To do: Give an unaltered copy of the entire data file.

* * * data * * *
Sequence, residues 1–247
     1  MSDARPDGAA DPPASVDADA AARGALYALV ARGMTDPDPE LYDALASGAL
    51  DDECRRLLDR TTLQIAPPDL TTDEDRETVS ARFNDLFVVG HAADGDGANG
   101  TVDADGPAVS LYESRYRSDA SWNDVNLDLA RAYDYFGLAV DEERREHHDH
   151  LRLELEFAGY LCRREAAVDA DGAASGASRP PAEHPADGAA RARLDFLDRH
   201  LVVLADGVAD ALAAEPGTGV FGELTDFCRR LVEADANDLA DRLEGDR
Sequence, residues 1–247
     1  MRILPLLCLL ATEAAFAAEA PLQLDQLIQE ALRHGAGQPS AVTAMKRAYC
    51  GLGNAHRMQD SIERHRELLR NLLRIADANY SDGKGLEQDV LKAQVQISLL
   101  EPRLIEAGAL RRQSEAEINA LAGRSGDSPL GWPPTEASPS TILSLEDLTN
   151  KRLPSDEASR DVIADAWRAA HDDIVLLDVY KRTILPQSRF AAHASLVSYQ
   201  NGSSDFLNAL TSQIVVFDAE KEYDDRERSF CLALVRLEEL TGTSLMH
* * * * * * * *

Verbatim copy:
Sequence, residues 1–247
     1  MSDARPDGAA DPPASVDADA AARGALYALV ARGMTDPDPE LYDALASGAL
    51  DDECRRLLDR TTLQIAPPDL TTDEDRETVS ARFNDLFVVG HAADGDGANG
   101  TVDADGPAVS LYESRYRSDA SWNDVNLDLA RAYDYFGLAV DEERREHHDH
   151  LRLELEFAGY LCRREAAVDA DGAASGASRP PAEHPADGAA RARLDFLDRH
   201  LVVLADGVAD ALAAEPGTGV FGELTDFCRR LVEADANDLA DRLEGDR
Sequence, residues 1–247
     1  MRILPLLCLL ATEAAFAAEA PLQLDQLIQE ALRHGAGQPS AVTAMKRAYC
    51  GLGNAHRMQD SIERHRELLR NLLRIADANY SDGKGLEQDV LKAQVQISLL
   101  EPRLIEAGAL RRQSEAEINA LAGRSGDSPL GWPPTEASPS TILSLEDLTN
   151  KRLPSDEASR DVIADAWRAA HDDIVLLDVY KRTILPQSRF AAHASLVSYQ
   201  NGSSDFLNAL TSQIVVFDAE KEYDDRERSF CLALVRLEEL TGTSLMH